He Never Said a Mumblin' Word

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"He Never Said a Mumblin' Word"
Song by Louisiana State Penitentiary inmates
RecordedAngola Prison Farm, 1933
GenreSpiritual folk song

"He Never Said a Mumblin' Word" (also known as "They Hung Him on a Cross", "Mumblin' Word", "Crucifixion", and "Easter") is an American spiritual folk song.

The song narrates the crucifixion of Jesus Christ, detailing how he was nailed to the cross, "whooped up the hill", speared in the side, hung his head and died, all the while keeping a dignified silence. Like all traditional music, the lyrics vary from version to version, but maintain the same story.


The song's writers and origins are unknown. Notes accompanying American Ballads and Folk Songs, an anthology of songs collected by John Lomax and Alan Lomax during the 1930s and 1940s, mention that the song as known throughout Louisiana, Texas, Mississippi, and Tennessee, and was titled "Never Said a Mumbalin' Word."[1] It is known to be a companion piece to, and possibly has the same writer(s) as, "Were You There", another spiritual.[2]

Recorded versions[edit]

  • Unidentified prisoners – John and Alan Lomax recorded a performance by a group of unidentified prisoners in June 1933 at the Angola Prison Farm, Louisiana,[3] and in July 1933 at the Parchman Farm penitentiary, Mississippi.[4]
  • Roland Hayes – recorded the song for Victor Records in 1927.[5] A Song Recital (Columbia Masterworks M-393, 1939) includes an unaccompanied piece in a set of mostly of selected classical selections.[6] Hayes published his arrangement of the song as part of the song cycle Life of Christ,[7] and recorded it again in 1953 and other times. Later performers also often credit his arrangement.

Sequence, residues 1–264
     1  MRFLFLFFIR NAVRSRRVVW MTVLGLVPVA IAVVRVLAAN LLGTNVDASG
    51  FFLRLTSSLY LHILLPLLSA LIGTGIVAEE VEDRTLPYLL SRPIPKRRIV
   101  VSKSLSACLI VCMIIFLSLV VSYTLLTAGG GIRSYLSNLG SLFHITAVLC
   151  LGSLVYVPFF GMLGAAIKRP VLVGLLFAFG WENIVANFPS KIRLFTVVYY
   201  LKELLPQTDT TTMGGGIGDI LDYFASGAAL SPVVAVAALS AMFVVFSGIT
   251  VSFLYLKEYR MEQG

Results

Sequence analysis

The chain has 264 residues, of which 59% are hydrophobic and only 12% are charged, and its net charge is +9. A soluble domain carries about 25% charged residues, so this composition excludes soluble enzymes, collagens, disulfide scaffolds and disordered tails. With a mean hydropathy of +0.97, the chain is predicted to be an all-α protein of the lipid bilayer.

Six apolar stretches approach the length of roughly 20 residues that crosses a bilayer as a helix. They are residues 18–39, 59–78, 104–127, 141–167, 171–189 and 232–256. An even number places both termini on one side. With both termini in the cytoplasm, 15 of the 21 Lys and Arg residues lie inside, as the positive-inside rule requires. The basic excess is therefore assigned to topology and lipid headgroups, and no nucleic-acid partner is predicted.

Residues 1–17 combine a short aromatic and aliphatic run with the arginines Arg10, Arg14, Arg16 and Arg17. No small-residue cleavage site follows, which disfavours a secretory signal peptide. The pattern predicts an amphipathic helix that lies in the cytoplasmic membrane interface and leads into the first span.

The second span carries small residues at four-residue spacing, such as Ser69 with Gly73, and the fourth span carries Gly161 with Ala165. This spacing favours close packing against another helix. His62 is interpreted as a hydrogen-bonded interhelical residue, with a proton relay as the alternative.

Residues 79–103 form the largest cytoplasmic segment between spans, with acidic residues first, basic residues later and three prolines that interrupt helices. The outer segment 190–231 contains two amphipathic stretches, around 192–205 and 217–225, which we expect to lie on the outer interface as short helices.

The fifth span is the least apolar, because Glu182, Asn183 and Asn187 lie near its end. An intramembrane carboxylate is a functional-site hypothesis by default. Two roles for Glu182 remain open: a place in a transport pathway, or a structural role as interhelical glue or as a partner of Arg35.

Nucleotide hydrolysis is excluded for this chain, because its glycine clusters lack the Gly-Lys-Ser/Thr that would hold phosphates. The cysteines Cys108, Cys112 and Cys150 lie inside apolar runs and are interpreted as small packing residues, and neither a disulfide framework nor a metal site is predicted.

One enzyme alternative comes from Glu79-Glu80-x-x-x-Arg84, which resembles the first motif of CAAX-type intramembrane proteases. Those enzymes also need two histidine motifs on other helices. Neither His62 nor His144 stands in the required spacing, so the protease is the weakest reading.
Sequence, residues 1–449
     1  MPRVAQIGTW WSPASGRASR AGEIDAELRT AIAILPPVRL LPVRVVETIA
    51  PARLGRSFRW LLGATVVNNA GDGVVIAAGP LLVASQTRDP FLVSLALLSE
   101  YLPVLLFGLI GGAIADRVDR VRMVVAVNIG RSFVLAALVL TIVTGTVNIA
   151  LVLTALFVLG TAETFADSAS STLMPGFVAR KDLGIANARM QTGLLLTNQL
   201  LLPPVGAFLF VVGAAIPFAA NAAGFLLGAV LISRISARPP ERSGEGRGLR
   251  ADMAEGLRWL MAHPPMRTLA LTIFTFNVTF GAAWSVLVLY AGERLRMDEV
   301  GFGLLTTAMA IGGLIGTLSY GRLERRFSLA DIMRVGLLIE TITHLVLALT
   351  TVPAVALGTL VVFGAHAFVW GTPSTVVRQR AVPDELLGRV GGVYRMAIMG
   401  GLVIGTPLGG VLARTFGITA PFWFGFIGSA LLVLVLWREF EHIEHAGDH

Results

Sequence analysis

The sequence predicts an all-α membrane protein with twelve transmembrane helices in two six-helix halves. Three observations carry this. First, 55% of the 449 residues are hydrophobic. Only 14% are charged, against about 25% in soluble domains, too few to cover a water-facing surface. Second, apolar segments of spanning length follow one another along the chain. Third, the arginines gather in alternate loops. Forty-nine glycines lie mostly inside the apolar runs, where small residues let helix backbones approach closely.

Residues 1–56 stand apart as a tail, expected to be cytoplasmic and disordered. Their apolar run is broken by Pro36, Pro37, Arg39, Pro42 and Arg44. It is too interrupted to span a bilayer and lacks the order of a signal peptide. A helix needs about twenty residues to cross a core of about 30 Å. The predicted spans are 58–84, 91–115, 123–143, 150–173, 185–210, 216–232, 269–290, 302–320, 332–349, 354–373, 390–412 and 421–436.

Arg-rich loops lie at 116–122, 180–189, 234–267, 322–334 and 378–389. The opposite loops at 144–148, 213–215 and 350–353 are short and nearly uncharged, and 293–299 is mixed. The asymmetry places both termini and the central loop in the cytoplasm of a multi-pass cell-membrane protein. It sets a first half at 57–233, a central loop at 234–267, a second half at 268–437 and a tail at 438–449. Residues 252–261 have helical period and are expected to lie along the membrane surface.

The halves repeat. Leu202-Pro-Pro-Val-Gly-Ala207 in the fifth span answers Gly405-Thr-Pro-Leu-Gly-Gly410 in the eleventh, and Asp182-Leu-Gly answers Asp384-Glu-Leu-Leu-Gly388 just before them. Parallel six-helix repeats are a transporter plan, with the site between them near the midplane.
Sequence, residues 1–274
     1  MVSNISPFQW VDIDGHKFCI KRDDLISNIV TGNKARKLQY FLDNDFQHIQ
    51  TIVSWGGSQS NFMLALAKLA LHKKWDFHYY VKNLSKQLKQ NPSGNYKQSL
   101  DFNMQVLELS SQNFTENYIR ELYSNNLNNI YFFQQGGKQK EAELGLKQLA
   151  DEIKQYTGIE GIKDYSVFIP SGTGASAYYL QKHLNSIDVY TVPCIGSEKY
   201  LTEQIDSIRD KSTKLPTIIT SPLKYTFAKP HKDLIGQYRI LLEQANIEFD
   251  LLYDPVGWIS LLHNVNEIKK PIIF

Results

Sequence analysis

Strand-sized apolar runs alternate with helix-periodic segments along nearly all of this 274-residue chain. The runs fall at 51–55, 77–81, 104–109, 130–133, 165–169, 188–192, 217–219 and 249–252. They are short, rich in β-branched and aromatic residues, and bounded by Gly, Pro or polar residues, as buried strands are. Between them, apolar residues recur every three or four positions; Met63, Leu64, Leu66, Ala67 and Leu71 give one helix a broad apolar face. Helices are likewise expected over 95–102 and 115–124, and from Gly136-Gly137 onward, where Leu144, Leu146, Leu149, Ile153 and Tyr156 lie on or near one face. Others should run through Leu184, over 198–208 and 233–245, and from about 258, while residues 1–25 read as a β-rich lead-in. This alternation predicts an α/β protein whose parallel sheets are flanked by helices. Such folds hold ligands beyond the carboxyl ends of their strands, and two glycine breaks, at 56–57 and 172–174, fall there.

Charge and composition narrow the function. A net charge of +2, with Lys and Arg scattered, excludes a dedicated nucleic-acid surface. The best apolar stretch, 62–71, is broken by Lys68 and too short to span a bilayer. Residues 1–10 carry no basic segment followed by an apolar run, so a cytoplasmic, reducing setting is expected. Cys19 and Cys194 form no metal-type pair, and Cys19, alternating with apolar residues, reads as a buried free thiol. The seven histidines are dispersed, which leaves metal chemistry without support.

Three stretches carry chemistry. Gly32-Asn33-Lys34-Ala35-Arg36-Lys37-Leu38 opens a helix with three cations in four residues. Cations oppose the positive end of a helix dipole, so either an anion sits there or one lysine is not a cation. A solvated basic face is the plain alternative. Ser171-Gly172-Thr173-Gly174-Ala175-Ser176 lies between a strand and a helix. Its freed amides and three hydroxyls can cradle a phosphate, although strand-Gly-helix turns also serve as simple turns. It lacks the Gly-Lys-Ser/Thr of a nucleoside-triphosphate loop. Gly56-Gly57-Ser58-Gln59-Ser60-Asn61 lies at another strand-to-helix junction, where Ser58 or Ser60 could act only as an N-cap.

• Golden Gate Quartet – recorded a rendition in 1941 for Okeh Records.[8]
  • J. Rosamond Johnson – recorded it in 1944.[citation needed]
  • Lead Belly – the Lomaxes recorded the song while on a visit to Camp C at Louisiana State Penetentiary in the 1933, where they also discovered Lead Belly, who recorded several versions of the song from 1945 onwards. According to Lead Belly, the song originated from "down south" and claimed to have learned it from his mother, Sallie Brown.[9] Lead Belly recorded at least three versions of the song. The earliest was on February 15, 1945, as part of the Standard Oil Company-sponsored radio show Let it Shine on Me in San Francisco.[10] It was recorded as the final part of medley along with two other spiritual songs, "Every Time I Feel the Spirit" and "Swing Low, Sweet Chariot", featuring children singing along. The song was recorded under the title "They Hung Him on a Cross", whereas his final two recordings of the song, recorded during his last recording sessions ranging from September 27, 1948 to November 5, 1948[11] in New York with producer Frederic Ramsey, Jr., list the song as "He Never Said a Mumblin' Word."[12] An a cappella version of the song and a solo acoustic version of the song were recorded and are featured on Smithsonian Folkways 1994 box set Lead Belly's Last Sessions.
  • Morton Gould – adapted it for string orchestra in his 1959 composition Spirituals for Strings.[13] It was recorded in 1963 by Morton Gould and his Orchestra.[14]